- Mac Williamson is flexin’ — he smashed a single yesterday and hit a home run well over the 410-feet marker in left-center today.
- Jarrett Parker has hit safely in his last six games (8-for-13), with three walks and just three strikeouts — a crazy low number compared to Parker’s standard K-rate.
- Cory Gearrin is the new Romo, leading the bullpen in ERA and HR/9 while settling in as the setup man.
- Derek Law has the bullpen’s best FIP and strikeouts-per-walk ratio.
Law was the one Giant who didn’t contribute to today’s win, but he deserves special mention after two scoreless innings last night in front of his friends and family. Law’s appearance was followed by Hunter Strickland and Josh Osich, who both touched 98 mph. Strickland came in and pitched another perfect inning today, with a few more 98 mph fastballs.
Even Santiago Casilla, the guy with the high blown save percentage who was on shaky ground before leaving the team to be with his wife as she gave birth to their baby daughter, is back on good terms with everyone after consecutive saves. And people are actually picking up Jake Peavy in fantasy leagues this week because he’s been pitching so well. Buyer beware, sure (no pun intended), but Peavy is another unexpected contributor.
Will all of these guys keep playing the way they have over the last week? Of course not, but it’s not like any of the regulars (save for perhaps Brandon Belt) are having career years, either. And there’s something we’re already seeing with this team that we really haven’t in recent regular seasons. When players are dealing with nagging injuries or have to go on the DL, the team doesn’t crumble. When the lineup isn’t full of regulars and they fall behind early, the team doesn’t crumble. Not that previous teams were like stale coffee cake whenever they dealt with less than perfect health, but depth had been an ongoing concern for the last several seasons.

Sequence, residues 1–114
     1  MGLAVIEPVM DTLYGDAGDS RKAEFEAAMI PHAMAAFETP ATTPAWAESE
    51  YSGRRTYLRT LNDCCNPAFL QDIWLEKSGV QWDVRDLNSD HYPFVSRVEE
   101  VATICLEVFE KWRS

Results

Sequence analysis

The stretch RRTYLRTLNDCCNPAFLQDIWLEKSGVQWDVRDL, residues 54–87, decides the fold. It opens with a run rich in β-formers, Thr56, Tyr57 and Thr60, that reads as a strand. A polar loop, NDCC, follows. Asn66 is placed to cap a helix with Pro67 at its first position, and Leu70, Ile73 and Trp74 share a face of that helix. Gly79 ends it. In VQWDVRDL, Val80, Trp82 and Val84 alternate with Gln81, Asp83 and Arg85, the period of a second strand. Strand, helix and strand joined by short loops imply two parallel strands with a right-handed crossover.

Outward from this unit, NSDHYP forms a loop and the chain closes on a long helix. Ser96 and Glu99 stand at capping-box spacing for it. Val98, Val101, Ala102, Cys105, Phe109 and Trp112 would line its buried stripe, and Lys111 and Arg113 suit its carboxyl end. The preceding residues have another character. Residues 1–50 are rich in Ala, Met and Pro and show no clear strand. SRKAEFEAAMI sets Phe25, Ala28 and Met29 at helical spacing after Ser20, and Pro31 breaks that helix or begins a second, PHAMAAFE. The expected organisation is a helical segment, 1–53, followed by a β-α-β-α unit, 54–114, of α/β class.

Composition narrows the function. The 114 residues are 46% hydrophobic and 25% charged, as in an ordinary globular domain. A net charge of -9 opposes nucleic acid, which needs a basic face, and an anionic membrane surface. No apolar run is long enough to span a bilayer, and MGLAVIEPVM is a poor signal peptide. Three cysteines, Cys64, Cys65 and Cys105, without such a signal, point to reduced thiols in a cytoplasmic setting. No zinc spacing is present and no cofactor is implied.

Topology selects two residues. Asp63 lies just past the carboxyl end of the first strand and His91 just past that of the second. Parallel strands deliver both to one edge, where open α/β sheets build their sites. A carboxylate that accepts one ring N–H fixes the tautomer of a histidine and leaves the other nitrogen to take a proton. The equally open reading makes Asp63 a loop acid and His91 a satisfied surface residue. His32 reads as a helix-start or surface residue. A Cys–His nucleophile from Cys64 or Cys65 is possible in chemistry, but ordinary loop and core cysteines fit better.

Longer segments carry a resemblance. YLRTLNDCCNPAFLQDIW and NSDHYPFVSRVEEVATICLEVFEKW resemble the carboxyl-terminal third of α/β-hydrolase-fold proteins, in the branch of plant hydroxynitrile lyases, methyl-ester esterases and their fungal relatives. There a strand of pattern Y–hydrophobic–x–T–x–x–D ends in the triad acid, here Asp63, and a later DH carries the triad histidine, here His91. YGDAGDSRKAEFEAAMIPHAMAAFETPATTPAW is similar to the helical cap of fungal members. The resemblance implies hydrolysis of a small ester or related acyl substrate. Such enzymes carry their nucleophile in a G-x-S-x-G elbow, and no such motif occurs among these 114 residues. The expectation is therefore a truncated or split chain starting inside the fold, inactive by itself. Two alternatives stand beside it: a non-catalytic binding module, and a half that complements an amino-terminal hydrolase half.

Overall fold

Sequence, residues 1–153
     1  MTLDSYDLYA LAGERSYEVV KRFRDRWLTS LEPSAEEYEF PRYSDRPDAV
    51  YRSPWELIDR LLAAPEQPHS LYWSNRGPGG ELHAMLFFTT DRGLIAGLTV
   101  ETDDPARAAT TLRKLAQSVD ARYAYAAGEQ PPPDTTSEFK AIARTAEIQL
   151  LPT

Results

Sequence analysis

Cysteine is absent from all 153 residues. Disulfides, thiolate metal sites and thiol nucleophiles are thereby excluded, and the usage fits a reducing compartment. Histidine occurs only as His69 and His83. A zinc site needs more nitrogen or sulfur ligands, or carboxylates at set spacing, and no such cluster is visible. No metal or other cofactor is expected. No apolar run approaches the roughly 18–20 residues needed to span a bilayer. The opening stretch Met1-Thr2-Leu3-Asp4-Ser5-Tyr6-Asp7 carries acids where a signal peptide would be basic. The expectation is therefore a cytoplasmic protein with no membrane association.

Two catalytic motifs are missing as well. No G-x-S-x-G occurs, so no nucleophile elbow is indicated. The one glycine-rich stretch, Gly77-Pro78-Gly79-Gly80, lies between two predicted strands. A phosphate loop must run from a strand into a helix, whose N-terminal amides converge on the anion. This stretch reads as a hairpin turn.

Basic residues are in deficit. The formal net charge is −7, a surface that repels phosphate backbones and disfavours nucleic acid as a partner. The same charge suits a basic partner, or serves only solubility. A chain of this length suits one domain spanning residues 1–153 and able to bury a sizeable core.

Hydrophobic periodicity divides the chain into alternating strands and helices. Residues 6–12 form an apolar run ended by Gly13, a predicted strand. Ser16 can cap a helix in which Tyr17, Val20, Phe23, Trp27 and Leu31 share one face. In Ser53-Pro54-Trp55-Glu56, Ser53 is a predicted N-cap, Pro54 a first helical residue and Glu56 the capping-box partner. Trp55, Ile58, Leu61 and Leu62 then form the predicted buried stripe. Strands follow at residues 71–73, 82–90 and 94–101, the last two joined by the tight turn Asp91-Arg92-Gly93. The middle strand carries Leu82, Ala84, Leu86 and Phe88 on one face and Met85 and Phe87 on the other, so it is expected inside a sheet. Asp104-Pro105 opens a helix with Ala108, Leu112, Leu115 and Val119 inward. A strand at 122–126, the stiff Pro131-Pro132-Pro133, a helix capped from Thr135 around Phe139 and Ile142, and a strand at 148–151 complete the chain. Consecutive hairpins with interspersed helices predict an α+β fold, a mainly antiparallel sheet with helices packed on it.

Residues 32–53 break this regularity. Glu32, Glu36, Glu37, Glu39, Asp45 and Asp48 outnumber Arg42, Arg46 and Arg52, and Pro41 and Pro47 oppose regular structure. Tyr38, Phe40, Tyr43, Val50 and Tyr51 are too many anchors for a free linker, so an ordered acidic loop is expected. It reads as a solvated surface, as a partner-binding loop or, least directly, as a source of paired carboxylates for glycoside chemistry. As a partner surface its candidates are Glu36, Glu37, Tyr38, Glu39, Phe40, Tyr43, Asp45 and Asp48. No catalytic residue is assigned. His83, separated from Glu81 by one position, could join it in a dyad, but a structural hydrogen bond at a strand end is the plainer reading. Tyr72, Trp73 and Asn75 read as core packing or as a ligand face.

They somehow got through it in 2014, thanks to Bumgarner and a bunch of crazy things happening like home runs from Travis freaking Ishikawa, of course.
I’m not sure if they’ll need Ishikawa (or this year’s version of Ishikawa) this season, not if Parker and Williamson continue to gain confidence and a better understanding of what they’re facing at this level. They could still use a reliever, because pitchers’ arms are finicky and the Giants are never fully comfortable with what they have in their bullpen, but doesn’t that group look significantly better now than it did a few weeks ago?
That’s not to say the Giants aren’t ripe for a minor plunge in the coming weeks. They’ve played more games than most MLB teams and they get one off day before the All-Star Break (July 7). But they don’t face a team with a winning record until they travel to Fenway on July 19, they’re on a roll, and they can’t take a breath now because the Dodgers keep winning.
Sure, one could point to their 44-24 start and second half near-collapse in 2014 (they went 44-50 the rest of the way). But the June Swoon isn’t happening. They’re 14-6 so far, which means they have already banked more wins in their most haunted month than they did in 2013 (10-17), 2014 (10-16) or 2015 (12-14). This team seems to have staying power. Maybe not 103-win staying power, but it’ll be interesting to see how they do this summer when their regulars start coming back from the DL.